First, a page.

How To Change A Toilet Flush Valve For Push-Button Toilets

How-to-change-a-toilet-flush-valve-for-push-button-toilets

If you have a push-button toilet, you will have a flush valve inside the toilet cistern they work by lifting the mechanism to allow the water to flow into the toilet pan once the toilet is flushed.

How To Change A Toilet Flush Valve For Push-Button Toilets

  1. Turn off the water supply
  2. Disconnect water supply on toilet cistern fill valve
  3. Undo the wing nuts holding the toilet cistern to the toilet pan
  4. Removed toilet cistern from the toilet pan
  5. Unscrew the retaining back nut holding the flush valve to the bottom of the toilet cistern
  6. Remove the flush valve from the toilet cistern
  7. Insert the new flush valve into the toilet cistern
  8. Tighten the flush valve retaining nut to the toilet cistern
  9. Place the toilet cistern back onto the toilet pan
  10. Tighten up the wing nuts holding the toilet cistern to the toilet pan
  11. Connect the water supply pipe back onto the toilet fill valve
  12. Turn on the water supply

As a plumber myself of over 20 years, I have changed thousands of different types of toilet flush valves, therefore, I can guide you through the simple task of changing a push-button flush valve on your toilet.

How Much Does It Cost To Replace A Push-Button Flush Valve?

If you were to contact a qualified plumber to change a push-button flush valve on a toilet, it would cost between £80 and £100 plus the cost of the push-button flush valve which will cost between £16 and £45

The most expensive flush valves are on the toilets that are hidden behind titled walls.

If you were to change a push-button flush valve yourself, you would need to the right tools and some simple knowledge of DIY plus the flush valve.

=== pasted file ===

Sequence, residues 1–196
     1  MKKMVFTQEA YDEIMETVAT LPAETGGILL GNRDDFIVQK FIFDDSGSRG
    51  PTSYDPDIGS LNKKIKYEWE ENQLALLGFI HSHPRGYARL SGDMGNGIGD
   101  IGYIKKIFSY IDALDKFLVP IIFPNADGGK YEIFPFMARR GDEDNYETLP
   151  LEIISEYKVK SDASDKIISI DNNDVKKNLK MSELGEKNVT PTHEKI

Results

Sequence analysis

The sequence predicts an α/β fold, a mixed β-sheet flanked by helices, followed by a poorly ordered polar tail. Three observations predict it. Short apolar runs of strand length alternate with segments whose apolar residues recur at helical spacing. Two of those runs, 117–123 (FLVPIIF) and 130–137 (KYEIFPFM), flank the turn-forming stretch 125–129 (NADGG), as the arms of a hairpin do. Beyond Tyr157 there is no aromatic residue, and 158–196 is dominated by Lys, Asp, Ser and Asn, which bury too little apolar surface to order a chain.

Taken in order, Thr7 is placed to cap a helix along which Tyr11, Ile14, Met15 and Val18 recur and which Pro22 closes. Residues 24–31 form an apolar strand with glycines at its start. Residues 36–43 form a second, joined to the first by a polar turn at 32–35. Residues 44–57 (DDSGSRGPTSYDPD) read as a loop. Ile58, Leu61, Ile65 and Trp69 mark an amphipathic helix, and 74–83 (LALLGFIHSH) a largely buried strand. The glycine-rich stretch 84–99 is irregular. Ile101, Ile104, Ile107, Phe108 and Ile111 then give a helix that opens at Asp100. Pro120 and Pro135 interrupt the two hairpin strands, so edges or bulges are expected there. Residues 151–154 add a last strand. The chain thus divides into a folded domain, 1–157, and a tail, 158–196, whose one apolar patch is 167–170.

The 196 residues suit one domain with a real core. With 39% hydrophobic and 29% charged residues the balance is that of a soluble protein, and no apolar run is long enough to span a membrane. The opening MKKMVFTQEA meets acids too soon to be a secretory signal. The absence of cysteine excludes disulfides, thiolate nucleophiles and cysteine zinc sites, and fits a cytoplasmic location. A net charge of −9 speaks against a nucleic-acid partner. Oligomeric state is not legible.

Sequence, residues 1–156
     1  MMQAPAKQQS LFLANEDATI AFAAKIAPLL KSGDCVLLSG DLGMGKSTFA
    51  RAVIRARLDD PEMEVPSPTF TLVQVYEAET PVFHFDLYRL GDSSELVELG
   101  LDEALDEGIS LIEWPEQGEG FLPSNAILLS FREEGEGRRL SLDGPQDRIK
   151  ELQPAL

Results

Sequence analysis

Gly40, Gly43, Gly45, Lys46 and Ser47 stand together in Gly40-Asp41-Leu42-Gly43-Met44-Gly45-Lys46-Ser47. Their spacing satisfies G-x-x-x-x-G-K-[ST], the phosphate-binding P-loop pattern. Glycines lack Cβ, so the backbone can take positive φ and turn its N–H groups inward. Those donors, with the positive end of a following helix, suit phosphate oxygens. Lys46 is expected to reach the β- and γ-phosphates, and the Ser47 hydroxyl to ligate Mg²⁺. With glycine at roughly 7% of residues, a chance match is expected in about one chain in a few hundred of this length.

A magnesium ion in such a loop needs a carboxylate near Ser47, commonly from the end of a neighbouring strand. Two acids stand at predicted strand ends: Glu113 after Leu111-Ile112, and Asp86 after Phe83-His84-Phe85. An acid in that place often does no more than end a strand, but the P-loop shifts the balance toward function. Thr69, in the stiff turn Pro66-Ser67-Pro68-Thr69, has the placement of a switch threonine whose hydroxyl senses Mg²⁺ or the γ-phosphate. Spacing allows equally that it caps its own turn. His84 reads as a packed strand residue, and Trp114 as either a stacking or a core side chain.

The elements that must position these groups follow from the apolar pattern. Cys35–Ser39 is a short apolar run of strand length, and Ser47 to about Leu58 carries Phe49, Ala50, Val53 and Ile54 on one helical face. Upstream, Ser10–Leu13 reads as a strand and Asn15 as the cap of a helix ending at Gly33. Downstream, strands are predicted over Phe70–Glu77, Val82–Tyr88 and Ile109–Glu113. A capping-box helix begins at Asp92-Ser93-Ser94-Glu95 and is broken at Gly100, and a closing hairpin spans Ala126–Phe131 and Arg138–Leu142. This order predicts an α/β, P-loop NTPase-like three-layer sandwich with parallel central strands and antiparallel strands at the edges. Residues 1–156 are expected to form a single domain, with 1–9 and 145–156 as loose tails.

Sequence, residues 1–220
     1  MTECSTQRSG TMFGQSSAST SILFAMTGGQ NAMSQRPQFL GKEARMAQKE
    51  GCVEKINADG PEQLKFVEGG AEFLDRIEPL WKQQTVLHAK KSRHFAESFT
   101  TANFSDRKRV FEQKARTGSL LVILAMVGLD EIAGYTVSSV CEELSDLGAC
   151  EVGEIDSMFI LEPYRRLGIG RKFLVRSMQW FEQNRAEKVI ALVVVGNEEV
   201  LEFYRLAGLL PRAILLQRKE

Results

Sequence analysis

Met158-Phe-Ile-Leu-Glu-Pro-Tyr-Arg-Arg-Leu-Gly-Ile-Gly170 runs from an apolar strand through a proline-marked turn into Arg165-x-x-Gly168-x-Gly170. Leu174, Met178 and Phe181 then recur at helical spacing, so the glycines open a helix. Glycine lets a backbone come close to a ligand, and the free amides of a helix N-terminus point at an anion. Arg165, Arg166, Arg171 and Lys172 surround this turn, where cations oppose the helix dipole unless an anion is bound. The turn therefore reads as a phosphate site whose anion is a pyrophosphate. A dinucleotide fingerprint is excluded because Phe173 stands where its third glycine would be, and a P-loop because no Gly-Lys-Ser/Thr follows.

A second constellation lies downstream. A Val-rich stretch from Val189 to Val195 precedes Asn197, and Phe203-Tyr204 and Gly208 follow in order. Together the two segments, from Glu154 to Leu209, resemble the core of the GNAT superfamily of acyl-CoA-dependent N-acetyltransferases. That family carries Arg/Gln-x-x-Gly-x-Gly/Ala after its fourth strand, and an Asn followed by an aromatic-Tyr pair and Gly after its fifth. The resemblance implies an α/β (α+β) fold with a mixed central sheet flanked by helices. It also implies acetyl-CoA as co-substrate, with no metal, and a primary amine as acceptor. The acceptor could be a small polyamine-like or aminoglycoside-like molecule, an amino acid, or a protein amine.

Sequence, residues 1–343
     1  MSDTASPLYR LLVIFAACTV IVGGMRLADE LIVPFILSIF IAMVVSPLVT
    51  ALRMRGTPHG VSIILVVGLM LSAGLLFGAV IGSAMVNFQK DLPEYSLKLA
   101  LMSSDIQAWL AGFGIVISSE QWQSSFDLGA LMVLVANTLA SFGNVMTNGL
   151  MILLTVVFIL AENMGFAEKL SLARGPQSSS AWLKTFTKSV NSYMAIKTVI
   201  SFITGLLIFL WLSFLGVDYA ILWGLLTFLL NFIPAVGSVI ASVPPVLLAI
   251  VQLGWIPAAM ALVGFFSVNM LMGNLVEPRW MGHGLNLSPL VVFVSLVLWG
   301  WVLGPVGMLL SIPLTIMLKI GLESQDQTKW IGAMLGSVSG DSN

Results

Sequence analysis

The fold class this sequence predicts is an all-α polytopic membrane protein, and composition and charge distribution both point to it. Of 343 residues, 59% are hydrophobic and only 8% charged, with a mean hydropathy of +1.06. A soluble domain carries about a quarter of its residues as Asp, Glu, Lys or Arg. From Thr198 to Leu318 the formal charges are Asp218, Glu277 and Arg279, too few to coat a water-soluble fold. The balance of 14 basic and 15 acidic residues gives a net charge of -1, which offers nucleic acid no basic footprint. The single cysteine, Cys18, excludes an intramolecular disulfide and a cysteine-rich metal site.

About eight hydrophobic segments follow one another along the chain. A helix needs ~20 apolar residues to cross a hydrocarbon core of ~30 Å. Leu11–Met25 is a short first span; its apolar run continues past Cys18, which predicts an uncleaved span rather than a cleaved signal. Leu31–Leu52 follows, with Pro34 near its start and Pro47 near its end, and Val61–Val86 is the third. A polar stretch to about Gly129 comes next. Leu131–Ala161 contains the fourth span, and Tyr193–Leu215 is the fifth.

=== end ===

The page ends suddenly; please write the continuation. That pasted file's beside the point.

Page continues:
If your toilet is not behind a wall, then the best flush valve for you would be the Fluidmaster Pro550UK Dual Flush, this push-button flush valve comes with a cable that’s connected to ta push-button; therefore, it will fit most push-button toilets.

q? encoding=UTF8&ASIN=B00OHO5AA0&Format= SL250 &ID=AsinImage&MarketPlace=GB&ServiceVersion=20070822&WS=1&tag=homeownersgui 21&language=en GB

If you have a toilet cistern that is hidden behind a wall can be much more problematic as the flush valve is more pacific and you will be required to replace the flush valve from the same brand of the toilet cistern.

Where To Find The Toilet Cistern Brand? Can Sometimes Be Quite Tricky

If you have a large plate on the wall with two push-buttons, then the name will be behind the chrome plate as well as the part number that you will require to gain to remove the wall plate simply push the wall plate to one side and lift to remove the plate.

Which Is The Best Push-Button Flush Valves

I have put together the five best push-button flush valves, from many years of experience of carrying out plumbing work.

  1. Fluidmaster Pro550UK Dual Flush
  2. Geberit Ideal Standard Twin Flush
  3. Macdee Dual Flush
  4. Wirquin Universal Flush
  5. Siamp Optima 49 Dual Flush

All of the above push-button flush valves are for a toilet that is not hidden behind a tiled wall.

If you have a toilet that is hidden inside a toilet unit, then I would recommend the Fluidmaster Pro550UK Duel Flush push-button valve.

For a more comprehensive look into the best flush valves, you can read this guide for more information.

When Should Your Toilet Flush Valve Be Replaced?

There are a couple of different reasons you will need to replace the toilet flush valve.

  • The water keeps running
  • Toilet won’t flush
  • Push-button is stuck

Whatever the reason is for changing the push button flush valve, this guide will help you through the simple process on how to change a push-button flush valve.